1. Driver, B. E., Shroff, G. R., & Smith, S. W. (2017). Posterior reperfusion T-waves: Wellens’ syndrome of the posterior wall. Emergency Medicine Journal, 34(2), 119-123.

1664358978 913 ¿Un hombre de 50 anos con dolor en el pecho

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MY Comment, by KEN GRAUER, MD (8/10/2023):

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Today’s case by Drs. El-Baba, Austin and McLaren — provides yet another superb example of how «clinical interpretation» of today’s initial tracing indicates definite need for prompt cath despite not satisfying STEMI criteria.

  • As readers of Dr. Smith’s ECG Blog know well — by «clinical« interpretation, we mean temporal correlation between the presence and relative severity of new-onset CP (Chest Pain) with each of the serial ECGs obtained.

  • Clinicians still «stuck» in the outdated STEMI paradigm would have missed a golden opportunity to save valuable myocardium in today’s case. This is because the ST elevation they would have been «waiting» for never arrived. Given this patient’s episode of VT — application of the OMI paradigm in today’s case may well have been a life-saving measure.

For clarity in Figure-1 — I’ve put together the first 2 tracings in today’s case.

  • I focus my comments on a few additional points to supplement the excellent presentation by Drs. El-Baba, Austin and McLaren.
1692912143 675 Chest pain and T wave inversion NSTEMI
Figure-1: Comparison between the first 2 tracings in today’s case. (To improve visualization — I’ve digitized the original ECG using PMcardio).

MY Thoughts on Today’s Case: 

As per Drs. El-Baba, Austin and McLaren — the deep, symmetric T wave inversion in leads III and aVF of ECG #1, with more subtle T wave inversion in lead V6 could represent: i) A reperfused infero-postero-lateral MI from RCA OMI; ii) Subacute occlusion in this distribution; and/oriii) An ongoing OMI in this distribution.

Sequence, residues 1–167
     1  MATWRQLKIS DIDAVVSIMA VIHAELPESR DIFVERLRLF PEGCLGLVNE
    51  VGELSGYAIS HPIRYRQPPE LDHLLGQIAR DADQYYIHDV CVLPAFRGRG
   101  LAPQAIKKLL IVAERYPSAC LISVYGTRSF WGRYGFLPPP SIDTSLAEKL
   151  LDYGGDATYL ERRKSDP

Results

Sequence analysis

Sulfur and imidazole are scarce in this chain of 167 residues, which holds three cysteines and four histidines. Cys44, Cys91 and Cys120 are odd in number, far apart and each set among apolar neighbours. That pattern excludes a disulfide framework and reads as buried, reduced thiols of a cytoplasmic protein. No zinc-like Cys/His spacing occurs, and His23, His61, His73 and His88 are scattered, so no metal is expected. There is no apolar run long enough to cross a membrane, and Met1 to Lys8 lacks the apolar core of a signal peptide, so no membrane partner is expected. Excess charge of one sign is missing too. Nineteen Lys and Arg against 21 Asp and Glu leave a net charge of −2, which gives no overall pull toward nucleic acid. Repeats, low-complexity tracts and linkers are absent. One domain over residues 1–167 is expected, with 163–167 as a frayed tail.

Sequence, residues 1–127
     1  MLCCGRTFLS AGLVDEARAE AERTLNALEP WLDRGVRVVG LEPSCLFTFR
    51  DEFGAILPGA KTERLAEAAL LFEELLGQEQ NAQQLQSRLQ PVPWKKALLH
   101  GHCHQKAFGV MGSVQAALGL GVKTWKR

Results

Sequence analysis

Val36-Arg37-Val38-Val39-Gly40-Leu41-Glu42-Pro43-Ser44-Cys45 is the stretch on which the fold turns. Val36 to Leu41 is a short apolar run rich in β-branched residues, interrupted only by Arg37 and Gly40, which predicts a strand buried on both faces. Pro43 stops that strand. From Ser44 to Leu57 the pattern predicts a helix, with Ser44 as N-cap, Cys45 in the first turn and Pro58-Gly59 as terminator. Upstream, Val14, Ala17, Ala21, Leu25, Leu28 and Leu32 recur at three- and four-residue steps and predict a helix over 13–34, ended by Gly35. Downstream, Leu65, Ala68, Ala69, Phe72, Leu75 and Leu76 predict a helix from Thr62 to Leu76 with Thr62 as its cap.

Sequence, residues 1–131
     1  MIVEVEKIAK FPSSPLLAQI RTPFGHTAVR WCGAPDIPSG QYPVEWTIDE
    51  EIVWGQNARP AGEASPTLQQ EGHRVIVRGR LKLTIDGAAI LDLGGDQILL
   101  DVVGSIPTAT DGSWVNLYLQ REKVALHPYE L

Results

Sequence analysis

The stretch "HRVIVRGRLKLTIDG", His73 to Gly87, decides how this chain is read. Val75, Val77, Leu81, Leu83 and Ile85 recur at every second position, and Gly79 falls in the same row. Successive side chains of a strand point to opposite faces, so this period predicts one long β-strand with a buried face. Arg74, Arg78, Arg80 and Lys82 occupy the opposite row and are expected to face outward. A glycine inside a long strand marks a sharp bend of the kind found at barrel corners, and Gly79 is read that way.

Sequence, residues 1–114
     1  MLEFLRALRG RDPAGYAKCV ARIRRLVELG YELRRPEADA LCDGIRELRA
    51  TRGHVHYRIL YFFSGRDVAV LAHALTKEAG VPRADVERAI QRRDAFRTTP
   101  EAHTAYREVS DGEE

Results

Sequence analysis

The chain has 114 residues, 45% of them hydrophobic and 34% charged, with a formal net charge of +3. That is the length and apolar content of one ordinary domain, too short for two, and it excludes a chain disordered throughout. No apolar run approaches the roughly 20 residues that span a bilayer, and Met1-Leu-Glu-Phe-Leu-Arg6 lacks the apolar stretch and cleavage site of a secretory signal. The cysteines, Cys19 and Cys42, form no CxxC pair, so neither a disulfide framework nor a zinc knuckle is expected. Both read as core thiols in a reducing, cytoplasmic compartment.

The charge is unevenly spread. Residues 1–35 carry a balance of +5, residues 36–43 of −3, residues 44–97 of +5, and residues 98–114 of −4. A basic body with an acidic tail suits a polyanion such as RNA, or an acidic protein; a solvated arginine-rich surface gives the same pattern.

• It is impossible to be certain which of these possibilities is the explanation in today’s case from the initial ECG in Figure-1 alone. Instead — temporal correlation of this patient’s ongoing history with today’s initial ECG — comparing this with several follow-up tracings over the next hour — ideally with comparison to any prior ECGs that may have been done on this patient — all in association with serial troponins — would be needed to provide the answer.

To the above 3 possible interpretations — I’d add a 4th possibility:

  • The History in today’s case indicates that this patient presented to the ED because of sudden, severe CP that began ~14 hours earlier — and which was persisting at the time ECG #1 was recorded.
  • The patient also related that he experienced «a similar episode» ~3 months earlier, which self-resolved — but which was followed thereafter by anginal CP!
  • In view of this history of a prior «similar» episode ~3 months earlier (especially given subsequent CP on exertion) — I thought the wide QS complex in lead III of ECG #1 suggested a 4th possibility = that the patient already had an initial event 3 months earlier, and was now having a 2nd event (recurrence) in the same distribution.

Drs. El-Baba, Austin and McLaren emphasize the following:

  • Prompt cath was indicated in today’s case because regardless of which of the 4 possibilities suggested above reflects the actual events — ECG #1 clearly indicates high risk for reocclusion — in this patient with ongoing ischemic symptomsCREDIT to them for ensuring that prompt PCI was accomplished!
  • ACS with refractory ischemia and electrical instability are indications for emergent cath regardless of the ECG!

I’d add:

  • For whatever may have occurred during the 3 months prior to this patient’s presentation in the ED — Comparison in Figure-1 of ECG #1 and ECG #2, done just 40 minutes later — clearly shows dynamic ST-T wave changes (as well as deepening Q waves and taller anterior R waves). This highlights in different words the same concepts emphasized by Drs. El-Baba, Austin and McLaren.

  • PEARL: Did YOU notice the clearly abnormal ST-T waves for the PVC in ECG #2? ( = beat #6 in this 2nd tracing). While not needed for an imperative to perform prompt cath on today’s patient — there are occasions when acute ST-T wave changes may not be evident in sinus-conducted beats — but which may only be seen in PVCs! The huge, disproportionately hypervoluminous T wave in lead V2 — as well as the clearly abnormal ST-T wave shapes for beat #6 in leads II and V5 of ECG #2 would be diagnostic of acute ischemia even if ischemic changes were absent in sinus-conducted beats on this 12-lead. It’s good to incorporate the habit of always assessing ST-T wave changes in any PVCs that might be seen